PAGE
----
This was such a fun interview conducted by Author, Editor, and Copywriter Cayce Berryman. Every week, she interviews a new author on their published work, current projects, and their writing life altogether. I got to talk about both my novel ‘Daughter of the Drackan’ (published this October), its upcoming sequel, and the next novel currently underway, the Dystopian Sci-Fi ‘Sleepwater Beat’. Plus a few other little fun nuggets.
This is just an excerpt from the interview, because I like sharing little snippets about all my work underway. If you’d like to read the full interview, check it out on Cayce’s website here.
What are you currently working on? How did you begin working on it?
I both love and dread talking about this project, because it’s bigger than anything I’ve ever done before, and it’s a little terrifying. “Sleepwater Beat” is a Dystopian Sci-Fi set in the near-future US. The main character, Leo, is a homeless girl of 22 who is one of a growing group of individuals who have developed the ability to affect other people—psychologically, mentally, and physically—with the “superpower” embedded in certain kinds of words. Basically like X-Men abilities through storytelling. The novel also covers government/military control, pharmaceutical and media conspiracy, human trafficking and experimentation, black-market dealings, guerilla warfare, and a hint of LGBTQ flavor. What in the world possessed me to scramble all these things together? I’ll never be able to answer that question.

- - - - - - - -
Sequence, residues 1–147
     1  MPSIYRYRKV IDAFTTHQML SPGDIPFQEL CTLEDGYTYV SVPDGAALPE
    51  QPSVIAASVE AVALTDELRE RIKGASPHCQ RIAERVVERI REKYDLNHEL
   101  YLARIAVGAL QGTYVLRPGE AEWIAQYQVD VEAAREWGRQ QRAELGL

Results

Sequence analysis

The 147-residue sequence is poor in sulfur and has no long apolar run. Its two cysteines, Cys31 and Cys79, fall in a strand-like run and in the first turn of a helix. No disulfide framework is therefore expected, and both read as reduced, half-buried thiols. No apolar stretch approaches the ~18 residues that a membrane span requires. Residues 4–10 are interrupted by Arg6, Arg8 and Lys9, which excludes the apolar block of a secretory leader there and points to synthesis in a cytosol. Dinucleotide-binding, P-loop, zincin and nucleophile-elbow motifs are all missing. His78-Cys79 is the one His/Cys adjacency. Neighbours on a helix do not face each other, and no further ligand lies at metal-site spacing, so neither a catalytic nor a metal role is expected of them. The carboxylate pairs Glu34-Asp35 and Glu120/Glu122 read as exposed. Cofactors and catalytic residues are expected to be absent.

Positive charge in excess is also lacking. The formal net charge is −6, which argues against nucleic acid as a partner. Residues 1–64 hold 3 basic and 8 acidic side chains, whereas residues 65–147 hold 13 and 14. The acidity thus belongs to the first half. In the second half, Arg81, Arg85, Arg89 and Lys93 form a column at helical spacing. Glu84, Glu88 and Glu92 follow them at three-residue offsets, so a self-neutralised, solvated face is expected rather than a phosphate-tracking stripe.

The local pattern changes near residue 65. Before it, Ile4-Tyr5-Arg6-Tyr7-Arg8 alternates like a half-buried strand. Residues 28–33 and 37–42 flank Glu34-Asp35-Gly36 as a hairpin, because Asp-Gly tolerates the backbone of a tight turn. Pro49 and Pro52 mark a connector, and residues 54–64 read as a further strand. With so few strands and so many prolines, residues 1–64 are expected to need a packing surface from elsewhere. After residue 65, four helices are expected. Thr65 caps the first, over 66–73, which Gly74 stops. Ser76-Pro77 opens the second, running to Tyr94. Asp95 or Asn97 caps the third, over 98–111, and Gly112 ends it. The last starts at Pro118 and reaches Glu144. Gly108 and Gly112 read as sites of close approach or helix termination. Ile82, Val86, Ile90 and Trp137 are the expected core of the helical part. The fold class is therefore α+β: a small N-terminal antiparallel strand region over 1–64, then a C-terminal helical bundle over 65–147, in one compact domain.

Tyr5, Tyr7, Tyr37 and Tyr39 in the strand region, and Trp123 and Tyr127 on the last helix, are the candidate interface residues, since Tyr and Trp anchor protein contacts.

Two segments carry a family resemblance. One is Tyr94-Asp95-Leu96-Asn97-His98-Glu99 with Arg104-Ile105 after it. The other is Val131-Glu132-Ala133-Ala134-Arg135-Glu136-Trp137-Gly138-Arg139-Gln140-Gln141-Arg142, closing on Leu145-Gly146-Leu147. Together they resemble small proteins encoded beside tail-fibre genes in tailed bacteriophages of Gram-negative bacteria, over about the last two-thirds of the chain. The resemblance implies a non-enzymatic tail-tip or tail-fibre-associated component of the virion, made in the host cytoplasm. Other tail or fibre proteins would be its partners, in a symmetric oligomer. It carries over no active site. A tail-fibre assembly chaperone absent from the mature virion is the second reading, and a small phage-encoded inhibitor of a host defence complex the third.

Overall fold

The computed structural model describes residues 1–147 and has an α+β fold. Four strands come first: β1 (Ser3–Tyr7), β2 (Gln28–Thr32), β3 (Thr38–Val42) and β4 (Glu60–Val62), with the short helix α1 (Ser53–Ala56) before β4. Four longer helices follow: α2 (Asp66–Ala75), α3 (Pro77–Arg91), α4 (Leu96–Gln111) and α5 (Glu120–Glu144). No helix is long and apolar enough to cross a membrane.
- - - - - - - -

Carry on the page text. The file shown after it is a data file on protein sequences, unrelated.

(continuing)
It started quite literally as an experiment in and of itself about a year and a half ago. I had a general feel for these ideas, and wondered what it would be like to write a long short story (about 35K words) purely comprised of short scenes without “filler” (because we all hate writing filler, right?). The trick was that I also wanted to scramble every scene into an order as far from chronological as I could possibly get. I managed to do that pretty well, and the experiment was a success, even though I would never do it again. I brought this piece to my weekly writers’ group when I lived in Charleston, SC, and they loved the ideas. Their input also inspired me to change some details, add new characters and plot lines, and I realized this thing now clawed through its outer layer to transform into an entire novel.